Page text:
This feature page needs to explain better how the feature will affect remote logins.
What does "degraded experience" mean? Will I simply get the same colors on the remote system that I get now, or will I lose a lot of other features?
If I SSH to a system that doesn't support 256 colors, sometimes from an X terminal, sometimes from a Linux virtual console, and maybe sometimes from Screen or some other kind of terminal, how can I set things up once and for all so that it works right in all cases? Is it enough to set TERM=xterm in all cases?
What if I SSH to a Fedora box from a system that supports only eight colors, or even just black and white?
Does the feature affect serial consoles, Telnet, Kermit et cetera in any way?
Rombobeorn 15:09, 25 June 2012 (UTC)
- SSH is the major downside of this. There should be a way to "unbreak" systems automatically (ideally by editing ~/.ssh/config, or, in the worst case setting up a shell alias), and it should be documented in the release notes.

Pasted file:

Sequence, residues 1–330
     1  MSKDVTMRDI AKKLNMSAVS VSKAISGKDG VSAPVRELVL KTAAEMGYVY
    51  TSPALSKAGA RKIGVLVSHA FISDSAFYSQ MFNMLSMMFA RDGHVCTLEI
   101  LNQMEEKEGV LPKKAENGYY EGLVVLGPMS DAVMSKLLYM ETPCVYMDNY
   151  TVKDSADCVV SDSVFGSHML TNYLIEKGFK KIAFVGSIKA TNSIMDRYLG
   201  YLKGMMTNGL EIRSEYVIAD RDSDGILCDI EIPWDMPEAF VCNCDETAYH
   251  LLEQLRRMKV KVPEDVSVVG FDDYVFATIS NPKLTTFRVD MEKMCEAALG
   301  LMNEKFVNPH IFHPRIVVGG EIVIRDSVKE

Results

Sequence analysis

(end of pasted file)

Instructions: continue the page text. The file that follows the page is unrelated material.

- Why is it better to add a script to /etc/profiles.d than to patch specific terminal emulators to set TERM to a 256-color version? This would allow e.g. gnome-terminal run with 256 colors, but a different terminal emulator that doesn't support 256 colors to continue setting TERM=xterm .
--Mitr 16:41, 25 June 2012 (UTC)
Fair enough on remote logins. For xterms logging into Fedora I suppose we should be conservative and not set 256 colors. I've amended the /etc/profile.d/256color.sh script to do this (in a hackish sort of a way using `who`).
Serial consoles etc. wouldn't have been affected as we keyed on "xterm" et. al.
For ssh logins to remote systems, there is nothing new here really. One always has to set the TERM to something supported on remote systems. The issue might be noticed more often given xterm-256color will be set on the remote system by ssh, so a note as previously suggested will probably suffice. The "failure mode" in this case is reduced terminal capabilities, down to what ever the remote system falls back to.
The downside of patching specific terminal emulators to set TERM, is that it's not a central config point for this generic feature. I don't know of any terminal emulators in Fedora that don't support 256 colors.